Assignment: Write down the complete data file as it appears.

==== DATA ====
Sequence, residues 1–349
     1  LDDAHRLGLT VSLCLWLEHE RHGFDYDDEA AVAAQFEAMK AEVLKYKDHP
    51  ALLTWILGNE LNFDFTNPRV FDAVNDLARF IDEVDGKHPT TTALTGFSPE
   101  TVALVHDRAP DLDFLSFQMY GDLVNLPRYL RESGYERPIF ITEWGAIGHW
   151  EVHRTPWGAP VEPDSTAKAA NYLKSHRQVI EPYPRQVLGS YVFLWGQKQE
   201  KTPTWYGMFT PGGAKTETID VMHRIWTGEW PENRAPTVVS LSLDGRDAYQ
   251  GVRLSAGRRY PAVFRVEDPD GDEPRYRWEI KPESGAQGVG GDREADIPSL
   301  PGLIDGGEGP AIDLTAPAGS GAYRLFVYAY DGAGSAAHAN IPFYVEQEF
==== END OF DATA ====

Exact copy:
Sequence, residues 1–349
     1  LDDAHRLGLT VSLCLWLEHE RHGFDYDDEA AVAAQFEAMK AEVLKYKDHP
    51  ALLTWILGNE LNFDFTNPRV FDAVNDLARF IDEVDGKHPT TTALTGFSPE
   101  TVALVHDRAP DLDFLSFQMY GDLVNLPRYL RESGYERPIF ITEWGAIGHW
   151  EVHRTPWGAP VEPDSTAKAA NYLKSHRQVI EPYPRQVLGS YVFLWGQKQE
   201  KTPTWYGMFT PGGAKTETID VMHRIWTGEW PENRAPTVVS LSLDGRDAYQ
   251  GVRLSAGRRY PAVFRVEDPD GDEPRYRWEI KPESGAQGVG GDREADIPSL
   301  PGLIDGGEGP AIDLTAPAGS GAYRLFVYAY DGAGSAAHAN IPFYVEQEF